In FIG. 7, in a system 700, an anaglyph image 702 is linearly polarized and the guest is wearing circularly polarized glasses 704. Once the image 702 is polarized, the color is added to the system by inserting 1060 nm retardation using retarders 706 (each retarder provides 530 nm of retardation). The circular polarizers used in glasses 704 each have an embedded 140 nm retarder so that the entire retardation of the system 700 for each eye is still 1200 nm. The right eye sees a blue/green retardation color while the left eye sees a red/orange retardation color. The image 702 is perceived as a 3D image by the observer.

Now discussing some operational aspects of the disclosure, the system is light dependent. In general, crossed polarizers extinguish the light traveling through them, while parallel polarizers typically reduce the light by at least 50%. Dark images are not readily viewable with this technique. The system works well with an anaglyph image generated on a monitor. The image in this case is illuminated and can be readily seen even with the polarizers in place.

The system matches the color of the lens to the color of the ink or other coloring means used to make the image. It is desirable to determine the birefringent colors that may be useful and then to find inks or other coloring means that match those colors.

A workable system has been tested with transparencies and an illuminated light board (for example, a think slide table). However, it is desirable to avoid an unmatched ink/lens color, which may lead to a separation problem. Also, prior tests of the present system using hard scape systems have required back lit pieces. However, this may not be necessary in the use of other embodiments of the system.

The foregoing description of specific embodiments reveals the general nature of the disclosure sufficiently that others can, by applying current knowledge, readily modify and/or adapt it for various applications without departing from the generic concept. For example, in other variations, the amount of retardation used could be varied from that described above and also other light/color combinations could be selected as may be appropriate for a given application. Also, although the embodiments discussed above have discussed the use of glasses having a lens for each eye, in other embodiments each of the lenses could be other types of optical components, not necessarily mounted to a typical pair of eyeglasses, through which an observer is viewing an anaglyph image with each eye. In addition, in other embodiments the anaglyph image, the polarizer over the image, the retardation, and the polarized lenses could all be assembled or formed into a single pair of glasses so that the assembled glasses alone would contain all components necessary to view a 3D image, for example, when the glasses were being worn in natural daylight by the guest. Therefore, such adaptations and modifications are within the meaning and range of equivalents of the disclosed embodiments. The phraseology or terminology employed herein is for the purpose of description and not of limitation.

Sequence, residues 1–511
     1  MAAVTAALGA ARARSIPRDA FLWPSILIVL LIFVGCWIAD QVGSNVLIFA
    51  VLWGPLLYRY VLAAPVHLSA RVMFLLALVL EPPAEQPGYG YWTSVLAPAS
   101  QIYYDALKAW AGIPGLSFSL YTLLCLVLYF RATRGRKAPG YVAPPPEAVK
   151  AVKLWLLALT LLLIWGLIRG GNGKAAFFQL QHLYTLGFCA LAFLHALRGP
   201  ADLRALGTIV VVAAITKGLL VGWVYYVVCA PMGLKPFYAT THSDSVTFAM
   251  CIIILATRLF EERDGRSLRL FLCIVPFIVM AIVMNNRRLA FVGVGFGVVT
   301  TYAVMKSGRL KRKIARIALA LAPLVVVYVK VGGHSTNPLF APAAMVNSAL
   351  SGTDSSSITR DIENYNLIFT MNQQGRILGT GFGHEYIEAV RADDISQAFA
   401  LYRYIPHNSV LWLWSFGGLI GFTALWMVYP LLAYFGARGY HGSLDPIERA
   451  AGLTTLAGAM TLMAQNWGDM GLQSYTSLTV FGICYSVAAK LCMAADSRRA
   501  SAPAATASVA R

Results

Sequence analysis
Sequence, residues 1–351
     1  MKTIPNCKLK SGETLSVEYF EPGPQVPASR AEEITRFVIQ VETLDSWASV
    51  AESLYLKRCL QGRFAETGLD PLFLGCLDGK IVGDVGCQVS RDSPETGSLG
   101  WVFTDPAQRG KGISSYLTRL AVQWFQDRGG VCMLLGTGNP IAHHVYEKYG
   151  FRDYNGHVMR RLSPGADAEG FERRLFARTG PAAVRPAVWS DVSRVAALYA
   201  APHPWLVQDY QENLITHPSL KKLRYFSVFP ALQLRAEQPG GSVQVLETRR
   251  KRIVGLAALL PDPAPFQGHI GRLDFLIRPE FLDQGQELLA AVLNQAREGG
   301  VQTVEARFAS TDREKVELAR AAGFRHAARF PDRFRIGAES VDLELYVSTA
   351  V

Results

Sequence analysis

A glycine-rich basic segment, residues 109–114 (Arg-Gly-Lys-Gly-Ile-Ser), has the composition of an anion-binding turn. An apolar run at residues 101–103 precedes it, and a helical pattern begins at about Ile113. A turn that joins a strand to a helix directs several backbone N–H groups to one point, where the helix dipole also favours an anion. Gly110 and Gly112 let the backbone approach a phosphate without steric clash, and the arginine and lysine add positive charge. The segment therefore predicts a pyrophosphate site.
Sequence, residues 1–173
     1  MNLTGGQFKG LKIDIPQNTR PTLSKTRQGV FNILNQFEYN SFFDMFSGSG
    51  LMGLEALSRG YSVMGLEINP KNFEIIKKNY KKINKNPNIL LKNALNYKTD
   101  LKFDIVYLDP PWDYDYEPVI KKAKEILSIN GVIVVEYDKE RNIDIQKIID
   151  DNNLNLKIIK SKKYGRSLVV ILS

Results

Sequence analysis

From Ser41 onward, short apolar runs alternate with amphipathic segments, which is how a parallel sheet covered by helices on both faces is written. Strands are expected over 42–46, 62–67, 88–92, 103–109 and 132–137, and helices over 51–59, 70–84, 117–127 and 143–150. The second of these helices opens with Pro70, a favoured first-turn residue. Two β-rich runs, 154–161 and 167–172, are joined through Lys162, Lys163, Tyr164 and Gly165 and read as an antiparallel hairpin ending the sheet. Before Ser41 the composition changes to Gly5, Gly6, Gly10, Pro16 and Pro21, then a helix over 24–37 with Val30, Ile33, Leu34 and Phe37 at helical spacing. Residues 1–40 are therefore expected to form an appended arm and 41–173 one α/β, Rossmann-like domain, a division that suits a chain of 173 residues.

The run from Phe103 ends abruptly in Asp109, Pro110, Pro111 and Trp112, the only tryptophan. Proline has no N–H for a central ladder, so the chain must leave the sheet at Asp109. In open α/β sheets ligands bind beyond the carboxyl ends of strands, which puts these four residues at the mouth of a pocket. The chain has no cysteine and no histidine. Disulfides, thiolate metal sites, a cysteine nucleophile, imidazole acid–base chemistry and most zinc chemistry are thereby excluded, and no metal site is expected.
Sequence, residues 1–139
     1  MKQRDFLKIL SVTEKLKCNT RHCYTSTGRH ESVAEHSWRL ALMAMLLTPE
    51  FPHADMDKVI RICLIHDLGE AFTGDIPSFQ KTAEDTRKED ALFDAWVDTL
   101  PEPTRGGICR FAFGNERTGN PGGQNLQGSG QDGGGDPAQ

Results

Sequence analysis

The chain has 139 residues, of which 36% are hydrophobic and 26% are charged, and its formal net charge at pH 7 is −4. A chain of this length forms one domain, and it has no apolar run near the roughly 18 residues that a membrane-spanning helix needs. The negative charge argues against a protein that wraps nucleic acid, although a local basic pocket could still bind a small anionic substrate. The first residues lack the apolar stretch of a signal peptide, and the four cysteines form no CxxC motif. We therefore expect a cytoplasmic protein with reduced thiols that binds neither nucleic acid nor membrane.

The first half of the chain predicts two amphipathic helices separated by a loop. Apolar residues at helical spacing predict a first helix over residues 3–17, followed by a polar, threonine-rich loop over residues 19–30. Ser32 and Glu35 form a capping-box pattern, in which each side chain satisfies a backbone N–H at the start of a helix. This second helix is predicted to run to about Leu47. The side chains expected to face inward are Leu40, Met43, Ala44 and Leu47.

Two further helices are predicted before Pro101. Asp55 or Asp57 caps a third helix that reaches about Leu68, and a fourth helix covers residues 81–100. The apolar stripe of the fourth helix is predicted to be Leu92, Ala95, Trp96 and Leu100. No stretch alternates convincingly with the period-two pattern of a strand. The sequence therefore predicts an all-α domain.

Referenced by
Citing PatentFiling datePublication dateApplicantTitle
US7528906Jun 14, 2006May 5, 2009Real DAchromatic polarization switches
US7557824Dec 17, 2004Jul 7, 2009University Of DurhamMethod and apparatus for generating a stereoscopic image
US7983477Jul 2, 2009Jul 19, 2011The University Of DurhamMethod and apparatus for generating a stereoscopic image
US8233034Feb 9, 2007Jul 31, 2012Reald Inc.Multi-functional active matrix liquid crystal displays
US8610762 *Jul 30, 2012Dec 17, 2013Reald Inc.Multi-functional active matrix liquid crystal displays
US20120293747 *Jul 30, 2012Nov 22, 2012Reald Inc.Multi-functional active matrix liquid crystal displays
WO2011026038A1 *Aug 30, 2010Mar 3, 2011Peter ArnellInterchangeable and customizable eyewear
WO2012021129A1 *Aug 10, 2010Feb 16, 2012Sony Computer Entertainment Inc.3d rendering for a rotated viewer
Classifications
U.S. Classification359/464
International ClassificationG02B27/26
Cooperative ClassificationG02B27/26
European ClassificationG02B27/26
Legal Events
DateCodeEventDescription
Nov 1, 2004ASAssignment
Owner name: DISNEY ENTERPRISES, INC., CALIFORNIA
Free format text: ASSIGNMENT OF ASSIGNORS INTEREST;ASSIGNOR:HUBER, MARK J.;REEL/FRAME:015325/0046
Effective date: 20041015